Is it too late for lowball offers?
Lowball Offers Fade as Housing Inventory Falls
If you're considering buying a home in Sarasota, Florida, it's unlikely you'll get away with a lowball offer this year. Realtors are reporting that they're no longer seeing the same number of "lowball" offers they saw a year ago. A lowball offer is a price proposed by a buyer that is 25% or more below the property's list price. When there’s an excess of properties available and values are low or uncertain, lowball offers spike, because homebuyers and real estate investors gamble that they might get lucky.
In March 2011, one out of ten real estate agents and brokers complained about lowball offers, according to the National Association of Realtors (NAR). But in the latest NAR monthly survey of 4,500 members, almost no complaints about lowballing showed up. Agents and brokers have shifted their focus this year to declining inventory levels.
With prices slowly rising and inventories slowly declining -- especially in healthy real estate markets like Sarasota -- lowball offers are unlikely to be the winning offers in 2012. In fact, in markets where supply is tight and attractive properties are getting multiple offers, buyers looking to "get lucky" are ending up out of luck all together. It's starting to turn into a sellers' market where lowball offers get ignored.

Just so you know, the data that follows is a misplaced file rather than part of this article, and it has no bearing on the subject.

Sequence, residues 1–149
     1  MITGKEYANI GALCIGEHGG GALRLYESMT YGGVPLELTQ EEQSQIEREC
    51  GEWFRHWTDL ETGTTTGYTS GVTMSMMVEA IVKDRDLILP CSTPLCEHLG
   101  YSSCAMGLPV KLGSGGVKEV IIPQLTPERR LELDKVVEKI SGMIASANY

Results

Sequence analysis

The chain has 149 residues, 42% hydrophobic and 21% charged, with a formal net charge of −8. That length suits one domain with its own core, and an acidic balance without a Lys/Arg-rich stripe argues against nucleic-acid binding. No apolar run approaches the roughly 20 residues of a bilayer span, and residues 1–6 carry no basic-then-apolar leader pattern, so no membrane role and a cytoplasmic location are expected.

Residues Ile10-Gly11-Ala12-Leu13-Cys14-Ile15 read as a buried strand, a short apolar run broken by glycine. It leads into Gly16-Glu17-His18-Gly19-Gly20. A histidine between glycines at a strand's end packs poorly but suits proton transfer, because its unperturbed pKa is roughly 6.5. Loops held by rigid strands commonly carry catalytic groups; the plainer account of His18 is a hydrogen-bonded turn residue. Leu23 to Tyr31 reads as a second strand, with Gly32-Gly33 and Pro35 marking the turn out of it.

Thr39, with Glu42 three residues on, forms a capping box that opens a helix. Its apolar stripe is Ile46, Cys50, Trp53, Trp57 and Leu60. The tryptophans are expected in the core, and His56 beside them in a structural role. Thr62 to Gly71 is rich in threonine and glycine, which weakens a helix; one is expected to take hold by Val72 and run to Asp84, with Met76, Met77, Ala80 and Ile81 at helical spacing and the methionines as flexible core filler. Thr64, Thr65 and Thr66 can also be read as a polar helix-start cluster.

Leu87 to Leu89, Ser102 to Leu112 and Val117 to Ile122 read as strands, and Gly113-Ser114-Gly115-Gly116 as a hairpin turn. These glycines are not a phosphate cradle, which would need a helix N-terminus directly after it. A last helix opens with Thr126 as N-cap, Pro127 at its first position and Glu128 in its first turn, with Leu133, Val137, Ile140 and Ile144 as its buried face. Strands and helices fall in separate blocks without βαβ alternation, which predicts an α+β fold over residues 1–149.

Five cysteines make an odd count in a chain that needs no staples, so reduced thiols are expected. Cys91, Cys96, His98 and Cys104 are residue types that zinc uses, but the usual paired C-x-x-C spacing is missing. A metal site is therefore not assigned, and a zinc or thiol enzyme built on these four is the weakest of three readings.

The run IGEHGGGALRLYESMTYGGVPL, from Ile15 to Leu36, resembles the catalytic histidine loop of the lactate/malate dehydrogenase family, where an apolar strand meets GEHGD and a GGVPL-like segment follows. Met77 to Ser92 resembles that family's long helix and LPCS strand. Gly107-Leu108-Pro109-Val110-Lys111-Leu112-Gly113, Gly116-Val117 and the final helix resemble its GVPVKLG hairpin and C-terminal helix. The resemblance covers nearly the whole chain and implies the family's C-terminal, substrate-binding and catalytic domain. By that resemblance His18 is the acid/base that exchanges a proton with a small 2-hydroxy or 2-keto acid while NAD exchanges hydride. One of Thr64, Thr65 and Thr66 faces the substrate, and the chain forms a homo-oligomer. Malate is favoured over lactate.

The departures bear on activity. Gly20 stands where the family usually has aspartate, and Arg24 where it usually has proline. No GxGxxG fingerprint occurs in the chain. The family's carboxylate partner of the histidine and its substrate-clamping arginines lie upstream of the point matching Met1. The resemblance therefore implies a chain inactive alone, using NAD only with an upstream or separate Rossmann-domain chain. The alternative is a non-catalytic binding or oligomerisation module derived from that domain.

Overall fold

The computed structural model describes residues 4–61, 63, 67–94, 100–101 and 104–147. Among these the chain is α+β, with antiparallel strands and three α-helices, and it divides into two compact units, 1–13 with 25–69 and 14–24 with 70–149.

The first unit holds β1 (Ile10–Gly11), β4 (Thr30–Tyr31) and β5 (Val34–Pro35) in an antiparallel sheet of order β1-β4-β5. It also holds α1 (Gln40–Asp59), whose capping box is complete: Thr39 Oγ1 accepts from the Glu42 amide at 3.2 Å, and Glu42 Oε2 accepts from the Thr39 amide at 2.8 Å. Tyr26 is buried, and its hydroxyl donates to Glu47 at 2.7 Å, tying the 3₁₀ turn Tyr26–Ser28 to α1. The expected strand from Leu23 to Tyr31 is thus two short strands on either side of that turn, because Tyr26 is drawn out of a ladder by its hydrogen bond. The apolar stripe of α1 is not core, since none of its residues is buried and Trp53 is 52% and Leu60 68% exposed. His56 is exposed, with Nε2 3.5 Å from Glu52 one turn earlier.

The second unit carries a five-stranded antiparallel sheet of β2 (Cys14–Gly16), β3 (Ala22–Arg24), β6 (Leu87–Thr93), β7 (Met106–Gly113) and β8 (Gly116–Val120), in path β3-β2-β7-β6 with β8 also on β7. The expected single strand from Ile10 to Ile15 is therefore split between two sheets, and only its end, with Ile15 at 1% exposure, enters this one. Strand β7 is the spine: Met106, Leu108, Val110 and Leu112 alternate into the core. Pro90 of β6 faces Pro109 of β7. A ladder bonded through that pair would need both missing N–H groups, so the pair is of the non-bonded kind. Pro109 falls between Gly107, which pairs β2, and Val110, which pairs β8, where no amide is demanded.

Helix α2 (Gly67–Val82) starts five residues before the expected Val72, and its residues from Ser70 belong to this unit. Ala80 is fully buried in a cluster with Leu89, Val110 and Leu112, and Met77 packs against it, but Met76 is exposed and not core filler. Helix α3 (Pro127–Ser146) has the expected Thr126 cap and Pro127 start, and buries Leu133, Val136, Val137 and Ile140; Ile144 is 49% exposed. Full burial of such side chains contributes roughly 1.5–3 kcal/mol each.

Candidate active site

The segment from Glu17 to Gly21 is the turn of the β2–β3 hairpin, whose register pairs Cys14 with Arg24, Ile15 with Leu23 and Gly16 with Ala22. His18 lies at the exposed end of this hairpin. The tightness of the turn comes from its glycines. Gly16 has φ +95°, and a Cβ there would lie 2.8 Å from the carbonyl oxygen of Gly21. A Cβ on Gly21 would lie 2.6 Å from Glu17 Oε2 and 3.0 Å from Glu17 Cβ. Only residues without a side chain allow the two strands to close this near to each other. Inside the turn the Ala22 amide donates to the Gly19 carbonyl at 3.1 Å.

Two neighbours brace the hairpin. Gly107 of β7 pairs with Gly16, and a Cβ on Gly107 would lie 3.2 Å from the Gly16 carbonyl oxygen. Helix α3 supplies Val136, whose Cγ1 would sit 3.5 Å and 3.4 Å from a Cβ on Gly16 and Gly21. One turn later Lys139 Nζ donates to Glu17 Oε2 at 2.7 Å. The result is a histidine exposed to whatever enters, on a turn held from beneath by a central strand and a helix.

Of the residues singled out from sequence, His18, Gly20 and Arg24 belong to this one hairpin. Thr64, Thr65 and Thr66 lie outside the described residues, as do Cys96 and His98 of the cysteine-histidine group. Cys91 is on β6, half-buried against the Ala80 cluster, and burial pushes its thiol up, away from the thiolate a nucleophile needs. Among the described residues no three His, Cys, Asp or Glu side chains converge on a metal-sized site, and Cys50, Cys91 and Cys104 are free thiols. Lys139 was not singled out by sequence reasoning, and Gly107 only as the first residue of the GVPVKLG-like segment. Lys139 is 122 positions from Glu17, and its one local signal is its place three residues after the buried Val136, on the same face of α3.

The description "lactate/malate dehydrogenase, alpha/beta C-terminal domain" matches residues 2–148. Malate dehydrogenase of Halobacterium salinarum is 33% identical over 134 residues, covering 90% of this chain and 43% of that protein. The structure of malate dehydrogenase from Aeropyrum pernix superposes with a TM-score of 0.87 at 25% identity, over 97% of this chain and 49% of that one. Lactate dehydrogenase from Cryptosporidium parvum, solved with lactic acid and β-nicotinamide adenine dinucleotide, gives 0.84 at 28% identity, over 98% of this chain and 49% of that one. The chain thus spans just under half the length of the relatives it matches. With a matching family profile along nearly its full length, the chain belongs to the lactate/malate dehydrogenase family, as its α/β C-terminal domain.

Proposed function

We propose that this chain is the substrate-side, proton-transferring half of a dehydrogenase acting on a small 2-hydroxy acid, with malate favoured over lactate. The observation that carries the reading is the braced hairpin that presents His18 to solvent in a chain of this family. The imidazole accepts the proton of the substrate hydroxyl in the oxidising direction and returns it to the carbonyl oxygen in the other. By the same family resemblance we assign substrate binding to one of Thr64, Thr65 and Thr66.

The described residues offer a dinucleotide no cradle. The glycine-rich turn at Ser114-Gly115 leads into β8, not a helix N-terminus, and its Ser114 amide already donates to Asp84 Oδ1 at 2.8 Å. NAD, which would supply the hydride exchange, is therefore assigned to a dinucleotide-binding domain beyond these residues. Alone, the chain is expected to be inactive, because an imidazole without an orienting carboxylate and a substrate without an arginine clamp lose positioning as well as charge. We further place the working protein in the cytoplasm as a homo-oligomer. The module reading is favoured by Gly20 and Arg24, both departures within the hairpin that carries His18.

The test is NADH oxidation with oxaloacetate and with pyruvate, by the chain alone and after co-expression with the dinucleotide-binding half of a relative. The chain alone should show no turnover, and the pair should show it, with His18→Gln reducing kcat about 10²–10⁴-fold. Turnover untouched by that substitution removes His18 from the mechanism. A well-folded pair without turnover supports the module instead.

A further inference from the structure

Real estate home sales in March 2012 in Sarasota County outdid sales for any single month in the previous seven years, according to the Sarasota Association of Realtors (SAR). The median price for a single-family home in Sarasota climbed to $174,900, a 10% jump over March 2011. (Nationally, the median home price was up 2.5%.) 831 properties were sold, bringing the existing home inventory level in Sarasota down to 4.8 months. Inventory level is measured as amount of time it would take to sell all current listings at the current sales pace if no new listings became available. Normally, a 6-month level represents a market in equilibrium between a buyers' market and a sellers' market, so we are moving now into a sellers' market.
While lowballing is becoming an unsuccessful strategy, the good news is that it isn't necessary. Prices on homes for sale in Sarasota, while slowly rising, are still far below pre-recession levels, and mortgage rates are still near an all-time low. It's the perfect time to consider buying a property in Sarasota.